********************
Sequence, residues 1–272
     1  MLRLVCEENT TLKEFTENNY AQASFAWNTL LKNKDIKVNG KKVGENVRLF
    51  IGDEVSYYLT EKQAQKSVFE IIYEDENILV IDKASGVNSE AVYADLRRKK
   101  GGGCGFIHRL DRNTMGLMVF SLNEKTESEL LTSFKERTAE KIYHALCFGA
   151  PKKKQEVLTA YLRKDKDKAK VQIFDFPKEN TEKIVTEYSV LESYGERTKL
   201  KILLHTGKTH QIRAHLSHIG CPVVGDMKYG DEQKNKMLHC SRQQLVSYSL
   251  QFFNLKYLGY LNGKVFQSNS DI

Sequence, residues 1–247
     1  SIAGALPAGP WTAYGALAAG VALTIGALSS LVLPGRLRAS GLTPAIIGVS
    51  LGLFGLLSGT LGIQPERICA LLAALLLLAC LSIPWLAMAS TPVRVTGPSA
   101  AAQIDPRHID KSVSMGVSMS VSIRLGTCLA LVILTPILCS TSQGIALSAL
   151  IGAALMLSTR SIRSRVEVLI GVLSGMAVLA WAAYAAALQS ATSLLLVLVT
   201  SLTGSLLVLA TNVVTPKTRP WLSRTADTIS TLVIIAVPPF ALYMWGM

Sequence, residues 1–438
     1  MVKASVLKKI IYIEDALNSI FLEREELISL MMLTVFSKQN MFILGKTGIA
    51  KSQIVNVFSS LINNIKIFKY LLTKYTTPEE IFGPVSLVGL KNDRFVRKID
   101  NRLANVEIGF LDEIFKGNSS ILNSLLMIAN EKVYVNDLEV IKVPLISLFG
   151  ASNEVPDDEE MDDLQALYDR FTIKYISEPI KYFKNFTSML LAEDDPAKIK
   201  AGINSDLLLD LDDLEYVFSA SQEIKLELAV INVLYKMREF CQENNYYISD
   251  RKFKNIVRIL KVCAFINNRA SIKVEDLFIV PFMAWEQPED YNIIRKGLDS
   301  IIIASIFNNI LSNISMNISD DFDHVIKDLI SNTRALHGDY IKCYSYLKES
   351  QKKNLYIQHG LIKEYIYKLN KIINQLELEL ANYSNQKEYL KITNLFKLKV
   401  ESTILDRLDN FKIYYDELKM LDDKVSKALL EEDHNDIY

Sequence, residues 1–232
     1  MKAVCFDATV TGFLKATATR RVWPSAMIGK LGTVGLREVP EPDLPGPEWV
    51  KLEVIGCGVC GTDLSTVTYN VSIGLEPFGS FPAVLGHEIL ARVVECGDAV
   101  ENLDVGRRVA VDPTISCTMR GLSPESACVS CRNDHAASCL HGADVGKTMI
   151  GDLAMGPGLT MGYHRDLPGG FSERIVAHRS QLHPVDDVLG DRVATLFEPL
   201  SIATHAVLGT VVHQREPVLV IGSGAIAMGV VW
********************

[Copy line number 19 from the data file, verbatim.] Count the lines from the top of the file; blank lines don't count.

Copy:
   201  AGINSDLLLD LDDLEYVFSA SQEIKLELAV INVLYKMREF CQENNYYISD